125 Miles of I-95 Still Shut Down

By Sweeney, Kathleen | The Florida Times Union, July 4, 1998 | Go to article overview

125 Miles of I-95 Still Shut Down


Sweeney, Kathleen, The Florida Times Union


As three fires devoured Flagler County yesterday, police

stations and jails emptied, nursing homes and hospitals moved

patients, an oceanarium shut down and 40,000 residents fled.

Only firefighters were left to battle the flames -- 5,000

degrees at the head of the storms -- but they, too, waited for

the word to retreat to a safe location.

Hundreds of wildfires continued to burn along the First Coast

yesterday, jumping roads, threatening homes and businesses, and

displacing at least 112,000 people in three counties. More than

125 miles of Interstate 95 remained closed, parts of U.S. 1 were

shut down and several other roads were blocked.

The worst came when three fires consumed more than 40,000 acres

of north Flagler near I-95 and U.S. 1. The blazes burned through

neighboring towns of Bunnell and Palm Coast. About 40 homes were

destroyed, mostly in the Matanzas Woods, Indian Trails and Palm

Harbor communities, all in the Palm Coast area.

Residents fled south to Orlando, west to Palatka and north to

Jacksonville and Clay County.

It's the first time officials ordered the evacuation of an

entire county for wildfires, and, at one point, they were

preparing to tell firefighters in Flagler to give up the fight

and fall back to safe zones.

"This naturally occurring event has overtaken our ability to

stop its progression," said Craig Fugate, chief of preparedness

and response for the state Division of Emergency Management in

Tallahassee. "The only thing that can stop this is if the wind

shifts. All they can hope for is nature to take its course."

Thirteen Air Force C-5 Galaxies, the world's second-largest

transport plane, were expected to arrive in Jacksonville from

California as early as last night to fight the statewide

blazes. The planes carry 65 fire trucks and 265 firefighters

from San Bernardino and Redding, said Miriam Lareau, public

affairs deputy at Jacksonville Naval Air Station.

As they arrive and more National Guard members land in Brevard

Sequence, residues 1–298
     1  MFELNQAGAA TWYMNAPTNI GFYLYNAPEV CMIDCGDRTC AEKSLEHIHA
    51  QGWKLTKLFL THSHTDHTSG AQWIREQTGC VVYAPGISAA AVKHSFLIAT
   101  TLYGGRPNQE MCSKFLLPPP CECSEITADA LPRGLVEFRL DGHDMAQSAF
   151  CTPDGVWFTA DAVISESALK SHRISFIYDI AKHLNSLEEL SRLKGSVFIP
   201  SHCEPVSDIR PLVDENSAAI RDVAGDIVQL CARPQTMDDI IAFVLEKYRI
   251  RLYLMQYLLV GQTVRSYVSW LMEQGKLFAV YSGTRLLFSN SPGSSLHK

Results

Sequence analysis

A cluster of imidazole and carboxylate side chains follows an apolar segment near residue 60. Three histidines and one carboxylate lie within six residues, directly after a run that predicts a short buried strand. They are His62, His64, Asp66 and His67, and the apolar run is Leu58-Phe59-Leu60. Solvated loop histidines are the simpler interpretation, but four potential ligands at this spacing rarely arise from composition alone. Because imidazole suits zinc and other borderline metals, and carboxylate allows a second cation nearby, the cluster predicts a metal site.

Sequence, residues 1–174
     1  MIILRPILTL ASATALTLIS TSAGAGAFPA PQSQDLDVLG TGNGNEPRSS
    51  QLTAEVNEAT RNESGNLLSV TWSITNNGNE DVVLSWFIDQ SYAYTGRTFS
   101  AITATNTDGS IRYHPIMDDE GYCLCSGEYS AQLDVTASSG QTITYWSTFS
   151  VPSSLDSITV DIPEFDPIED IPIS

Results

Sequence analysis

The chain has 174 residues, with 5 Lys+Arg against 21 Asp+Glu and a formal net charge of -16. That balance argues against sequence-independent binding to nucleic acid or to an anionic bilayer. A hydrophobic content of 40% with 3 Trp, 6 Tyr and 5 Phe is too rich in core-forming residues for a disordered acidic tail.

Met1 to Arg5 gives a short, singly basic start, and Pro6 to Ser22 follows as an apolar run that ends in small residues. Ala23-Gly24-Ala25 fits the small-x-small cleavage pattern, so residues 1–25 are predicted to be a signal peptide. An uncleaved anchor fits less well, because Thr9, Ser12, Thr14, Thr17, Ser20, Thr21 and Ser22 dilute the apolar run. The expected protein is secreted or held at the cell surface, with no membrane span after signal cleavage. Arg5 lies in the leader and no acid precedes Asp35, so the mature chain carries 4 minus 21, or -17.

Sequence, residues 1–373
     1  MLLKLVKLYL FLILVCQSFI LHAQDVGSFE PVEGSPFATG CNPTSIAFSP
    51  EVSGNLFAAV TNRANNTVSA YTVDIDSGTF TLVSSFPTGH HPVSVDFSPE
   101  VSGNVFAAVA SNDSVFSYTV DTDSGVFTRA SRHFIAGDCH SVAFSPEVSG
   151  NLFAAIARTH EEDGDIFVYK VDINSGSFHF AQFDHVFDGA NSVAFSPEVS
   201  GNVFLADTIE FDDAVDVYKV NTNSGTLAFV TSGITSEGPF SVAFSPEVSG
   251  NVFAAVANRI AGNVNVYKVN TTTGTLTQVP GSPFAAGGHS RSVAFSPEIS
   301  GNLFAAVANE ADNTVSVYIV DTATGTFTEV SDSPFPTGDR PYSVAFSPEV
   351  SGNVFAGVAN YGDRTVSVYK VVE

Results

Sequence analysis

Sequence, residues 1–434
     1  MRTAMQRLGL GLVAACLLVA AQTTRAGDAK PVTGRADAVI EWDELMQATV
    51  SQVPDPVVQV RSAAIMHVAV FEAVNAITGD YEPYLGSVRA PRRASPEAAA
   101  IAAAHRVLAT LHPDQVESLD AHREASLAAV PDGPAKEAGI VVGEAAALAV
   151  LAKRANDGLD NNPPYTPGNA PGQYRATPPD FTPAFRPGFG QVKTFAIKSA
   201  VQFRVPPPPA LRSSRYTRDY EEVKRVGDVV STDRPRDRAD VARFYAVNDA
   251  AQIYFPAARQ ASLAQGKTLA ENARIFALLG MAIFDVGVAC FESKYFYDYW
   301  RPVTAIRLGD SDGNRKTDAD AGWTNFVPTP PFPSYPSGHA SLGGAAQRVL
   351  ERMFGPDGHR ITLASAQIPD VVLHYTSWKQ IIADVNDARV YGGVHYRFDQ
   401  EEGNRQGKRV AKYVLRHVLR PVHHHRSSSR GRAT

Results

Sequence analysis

County, the Federal Emergency Management Agency announced it was

giving Flagler, St. Johns, Volusia, Brevard and Seminole

counties more aid.

At least 1,904 wildfires have burned more than 452,876 acres

and damaged or destroyed more than 150 homes in Florida since

May 25. The cost of fighting the fires has climbed to more than

$106 million, and so far, about 55 people have been injured. No

deaths have been reported.

About 40 shelters were open around North and Central Florida

last night. There were 847 people in the shelters, but those

numbers were expected to increase.

Of the few fires burning in Duval County, the largest was in

the Dee Dot Timberlands tree farm, owned by the Davis family of

Winn-Dixie fame.

That fire covered about 450 acres and was not contained last

night, said Sue Preece, a spokeswoman for the Florida Division

of Forestry.

The fire was in the northern tip of the 55,000-acre farm, about

5 miles south of Butler Boulevard and 5 miles west of the

Intracoastal Waterway, said Barry Pierce, a security officer for

the property.

The fire was not threatening homes, Preece said, but heavy

smoke was visible for miles. The forestry division said four

aircraft were dropping chemicals on the blaze.

In Volusia County, fires continued to burn after thousands of

residents were evacuated earlier this week.

To the south, fires were quieting down yesterday in Brevard

County where firefighters continued to battle five large blazes. …

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